I was just about to reply that no grown-up would've taken blackmail photos of their friends snoring, but just as the words were a breath away from being spoken, my eyes met with the blue Mynci's. They still shone bright, but not in that little-kid way all Neopets have during their childhood. Instead, his eyes sparked with the insecurity of maturing. They looked confused from this almost out-of-the-blue transition. They looked awkward, like he had known this for awhile but refused to let it sink in. But most of all, they looked hurt. And I knew just the reason behind it.
"It's Flamethrower, isn't it?" My gaze never flitted from those dark blue eyes; they told a better truth than anyone's words. "For so long, you've been the leader, and you didn't mind that one bit. But now that Sandra's the leader, you feel like she's stolen your thunder."
"Stolen my thunder?" Maurice raised one of his furrowed brows at me. Okay, so maybe eyes lied, too. "Heck, ever since she became leader, no one's been listening to me at all! You all act like I've never led anything before! You'd think that after seven years of being the decision-maker, I'd at least be listened to."
"But you wanted to take the all-land route!" I fired back in reply. "If we HAD agreed – and Dr. Death caught us then, too – we would've had to go almost our entire journey without food and water! Neopets can hardly go three days without water! We'd end up passing out in the grass! We'd still be alive, but our throats would be all choked up, and our bodies would we too weak to move, and--"
My eyes met with Maurice's again, and that was enough to shut me up. He was glaring again, those sharp, black pupils piercing straight into mine. Then, just to prove his point, he raised an arm in the air, circling his hand a few times before whipping it out at the ocean current behind us. Obediently a jet of water appeared out of thin air and flung itself out into the sea.
"Water wouldn't have been an issue," he muttered, and before I could say anything more, he stamped away to the other side of the boat.
After awhile, the lullaby of the ferry's quiet motors slowly lured me to sleep. My dreams were oddly vivid, as if I had detached from this world and entered a whole new reality. The people, the faeries, and even I seemed so realistic; I would've easily assumed this was really happening.
Oh, and Jhudora was there, too.
When my eyes reopened to the realm of my subconscious, I found myself hovering in the legit middle of nowhere. The sky, the ground, everything was a swirling mass of dark shades of purple and a sickly green. From how my feet were planted, I assumed there was a "ground", but it too blended in with the background. The clouds had no real presence around me; it was almost like standing inside a giant marble. But that was only the overture to the weirdness that followed.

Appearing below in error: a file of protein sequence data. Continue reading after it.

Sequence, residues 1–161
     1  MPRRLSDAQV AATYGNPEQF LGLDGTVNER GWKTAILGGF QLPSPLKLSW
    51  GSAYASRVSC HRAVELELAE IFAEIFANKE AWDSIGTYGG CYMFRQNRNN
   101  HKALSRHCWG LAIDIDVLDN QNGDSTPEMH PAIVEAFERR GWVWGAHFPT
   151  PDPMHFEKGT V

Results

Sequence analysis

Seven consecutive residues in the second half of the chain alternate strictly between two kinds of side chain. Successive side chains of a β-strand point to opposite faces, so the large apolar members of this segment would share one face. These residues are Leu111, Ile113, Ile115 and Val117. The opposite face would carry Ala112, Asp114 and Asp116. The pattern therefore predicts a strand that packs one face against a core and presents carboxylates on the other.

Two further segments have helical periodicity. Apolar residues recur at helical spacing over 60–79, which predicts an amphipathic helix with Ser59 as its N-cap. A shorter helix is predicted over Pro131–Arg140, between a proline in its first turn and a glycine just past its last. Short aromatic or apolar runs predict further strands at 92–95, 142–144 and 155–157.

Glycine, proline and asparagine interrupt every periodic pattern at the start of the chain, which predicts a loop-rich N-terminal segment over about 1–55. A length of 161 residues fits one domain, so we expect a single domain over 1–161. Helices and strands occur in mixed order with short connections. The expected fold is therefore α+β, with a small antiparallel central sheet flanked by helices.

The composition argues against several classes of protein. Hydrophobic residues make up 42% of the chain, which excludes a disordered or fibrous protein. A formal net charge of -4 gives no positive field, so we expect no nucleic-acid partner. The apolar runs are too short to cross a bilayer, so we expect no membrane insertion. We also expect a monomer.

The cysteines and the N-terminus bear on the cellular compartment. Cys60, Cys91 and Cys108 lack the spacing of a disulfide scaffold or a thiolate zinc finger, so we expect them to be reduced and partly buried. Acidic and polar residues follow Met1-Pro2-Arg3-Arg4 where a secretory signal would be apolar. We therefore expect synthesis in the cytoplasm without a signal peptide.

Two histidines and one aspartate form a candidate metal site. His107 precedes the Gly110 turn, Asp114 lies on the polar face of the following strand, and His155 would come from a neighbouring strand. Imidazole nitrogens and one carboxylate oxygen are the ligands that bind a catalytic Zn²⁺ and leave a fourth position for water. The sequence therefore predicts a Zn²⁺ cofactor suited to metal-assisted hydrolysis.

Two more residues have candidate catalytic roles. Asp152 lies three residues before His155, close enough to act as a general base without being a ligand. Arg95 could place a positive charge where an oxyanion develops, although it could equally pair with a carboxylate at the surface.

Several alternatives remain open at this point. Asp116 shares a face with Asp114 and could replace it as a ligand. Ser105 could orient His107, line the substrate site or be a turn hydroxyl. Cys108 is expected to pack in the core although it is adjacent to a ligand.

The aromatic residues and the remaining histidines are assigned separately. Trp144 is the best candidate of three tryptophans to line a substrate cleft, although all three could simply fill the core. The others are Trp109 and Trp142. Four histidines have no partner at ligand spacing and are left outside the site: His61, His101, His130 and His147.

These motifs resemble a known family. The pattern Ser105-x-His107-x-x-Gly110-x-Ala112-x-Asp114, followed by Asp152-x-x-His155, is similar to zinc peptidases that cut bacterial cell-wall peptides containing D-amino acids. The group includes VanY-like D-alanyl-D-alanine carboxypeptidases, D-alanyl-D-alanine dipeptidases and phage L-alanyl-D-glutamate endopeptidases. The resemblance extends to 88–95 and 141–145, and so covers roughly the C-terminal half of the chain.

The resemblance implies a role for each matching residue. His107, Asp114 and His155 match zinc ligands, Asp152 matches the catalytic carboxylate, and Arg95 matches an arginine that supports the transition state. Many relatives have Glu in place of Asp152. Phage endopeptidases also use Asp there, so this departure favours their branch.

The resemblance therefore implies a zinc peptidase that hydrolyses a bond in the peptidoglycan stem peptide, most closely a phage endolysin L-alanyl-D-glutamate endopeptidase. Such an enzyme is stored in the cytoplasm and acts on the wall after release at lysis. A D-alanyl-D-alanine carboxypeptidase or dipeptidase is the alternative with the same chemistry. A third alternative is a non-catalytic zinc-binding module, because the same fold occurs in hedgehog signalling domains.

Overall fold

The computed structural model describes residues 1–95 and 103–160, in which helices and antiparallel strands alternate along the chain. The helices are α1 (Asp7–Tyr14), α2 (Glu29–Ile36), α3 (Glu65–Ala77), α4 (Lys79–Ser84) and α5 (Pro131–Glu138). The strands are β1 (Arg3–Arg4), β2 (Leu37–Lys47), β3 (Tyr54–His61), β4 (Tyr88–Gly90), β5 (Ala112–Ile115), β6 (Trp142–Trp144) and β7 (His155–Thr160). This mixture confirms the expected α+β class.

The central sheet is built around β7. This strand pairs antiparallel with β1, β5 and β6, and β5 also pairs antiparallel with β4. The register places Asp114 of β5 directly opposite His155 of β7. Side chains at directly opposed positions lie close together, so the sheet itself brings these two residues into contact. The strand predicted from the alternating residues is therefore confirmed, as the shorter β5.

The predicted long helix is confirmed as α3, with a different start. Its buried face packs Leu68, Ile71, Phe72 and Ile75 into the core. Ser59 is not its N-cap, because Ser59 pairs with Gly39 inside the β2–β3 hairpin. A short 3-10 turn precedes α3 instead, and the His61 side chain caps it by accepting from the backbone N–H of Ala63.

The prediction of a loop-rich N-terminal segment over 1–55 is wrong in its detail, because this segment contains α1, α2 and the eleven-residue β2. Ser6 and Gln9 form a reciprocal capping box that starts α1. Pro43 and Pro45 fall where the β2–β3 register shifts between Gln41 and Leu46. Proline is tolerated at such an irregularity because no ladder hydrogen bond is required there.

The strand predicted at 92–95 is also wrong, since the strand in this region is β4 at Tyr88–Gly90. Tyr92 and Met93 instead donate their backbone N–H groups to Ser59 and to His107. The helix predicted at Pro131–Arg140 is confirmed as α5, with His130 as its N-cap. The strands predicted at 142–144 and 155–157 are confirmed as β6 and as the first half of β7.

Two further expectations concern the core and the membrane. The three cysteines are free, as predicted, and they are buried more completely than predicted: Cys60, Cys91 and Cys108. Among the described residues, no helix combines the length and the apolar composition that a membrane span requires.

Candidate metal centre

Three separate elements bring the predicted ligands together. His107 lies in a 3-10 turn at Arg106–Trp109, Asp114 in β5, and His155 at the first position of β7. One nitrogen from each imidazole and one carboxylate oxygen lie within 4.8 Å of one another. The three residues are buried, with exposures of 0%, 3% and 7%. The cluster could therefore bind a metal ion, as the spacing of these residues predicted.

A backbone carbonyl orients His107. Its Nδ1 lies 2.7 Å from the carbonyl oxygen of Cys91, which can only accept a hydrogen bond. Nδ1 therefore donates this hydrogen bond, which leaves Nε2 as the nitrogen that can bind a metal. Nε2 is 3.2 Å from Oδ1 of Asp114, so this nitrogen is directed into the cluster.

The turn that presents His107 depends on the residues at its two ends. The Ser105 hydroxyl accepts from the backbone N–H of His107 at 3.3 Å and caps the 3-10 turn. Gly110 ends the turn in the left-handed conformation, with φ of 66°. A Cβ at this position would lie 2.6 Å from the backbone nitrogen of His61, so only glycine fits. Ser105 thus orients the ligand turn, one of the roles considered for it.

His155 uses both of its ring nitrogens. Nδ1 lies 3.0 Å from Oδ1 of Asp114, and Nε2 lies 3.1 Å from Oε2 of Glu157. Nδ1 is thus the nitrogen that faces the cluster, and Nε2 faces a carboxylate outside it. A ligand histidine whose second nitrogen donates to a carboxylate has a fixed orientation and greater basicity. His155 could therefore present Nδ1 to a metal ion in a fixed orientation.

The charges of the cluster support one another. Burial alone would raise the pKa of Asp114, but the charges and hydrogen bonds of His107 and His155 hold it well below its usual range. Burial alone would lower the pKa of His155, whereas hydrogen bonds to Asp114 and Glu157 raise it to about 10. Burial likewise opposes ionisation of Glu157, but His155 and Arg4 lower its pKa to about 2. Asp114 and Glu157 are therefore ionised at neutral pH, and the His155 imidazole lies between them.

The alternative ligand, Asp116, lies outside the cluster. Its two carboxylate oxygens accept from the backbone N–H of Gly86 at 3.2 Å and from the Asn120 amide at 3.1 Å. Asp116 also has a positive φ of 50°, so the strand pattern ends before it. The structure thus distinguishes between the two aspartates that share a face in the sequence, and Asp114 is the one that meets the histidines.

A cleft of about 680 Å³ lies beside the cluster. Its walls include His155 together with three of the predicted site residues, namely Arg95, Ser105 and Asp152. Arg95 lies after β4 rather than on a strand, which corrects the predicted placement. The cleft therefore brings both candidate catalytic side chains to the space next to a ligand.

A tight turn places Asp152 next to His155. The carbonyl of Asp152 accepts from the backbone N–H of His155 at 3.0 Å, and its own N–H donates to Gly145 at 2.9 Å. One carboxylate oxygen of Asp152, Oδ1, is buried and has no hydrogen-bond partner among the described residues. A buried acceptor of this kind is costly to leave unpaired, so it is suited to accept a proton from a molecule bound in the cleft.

I must've blinked, or something, because Jhudora simply appeared in front of me. No puff of purple smoke. No loud, thundering boom. One minute, nothing but empty space existed around me, and the next, Jhudora stood before me, as if she had been there this whole time.
"Ah, Kendall." Jhudora smiled, her perfect green lips curled upward into a captivating smirk. "My favorite of the Chosen."
"W-what are you doing here?" I stammered, my eyes wide with shock, astonishment, fear... mostly fear. What kind of nightmare is this?
"This is not a dream, Kendall." Her voice was powerful, threatening to its listeners, and yet it still had a sense of calm, flow-yness to it. I wanted to maul her for sounding so beautiful. "Nor is this a nightmare."
"Well, what is it, then?" I refrained from asking why she hasn't screamed in my face, yet.
"A vision," Jhudora replied. Only then did I realize that she was a Dark Faerie, right now.
My eyes had widened to the size of kumquats, at this point. We were too late. "I-I thought Sandra was the only one who..."
"Nonsense, my child," Jhudora smiled kindly – an action I never thought a Dark Faerie was capable of. "No one controls Sandra's visions. Hers are natural, straight from her instinct, itself. This, on the other hand, is my gift to you."
"A gift?" Sounded fishy, if you asked me. "Why would you give me anything?"
Still that smile bloomed across Jhudora's violet face. "Because we're the same."
For a moment, I wondered if she had gotten hit in the head by Mr. Coconut. The same? We weren't even of the same element! But Jhudora sounded so confident when she said it... it was enough to drive you to the edge of insanity and back.
Jhudora realized this and explained. "We both have had our friends turn on us. We both have had to suffer from their actions. We both have had our wings clipped from our shoulders--"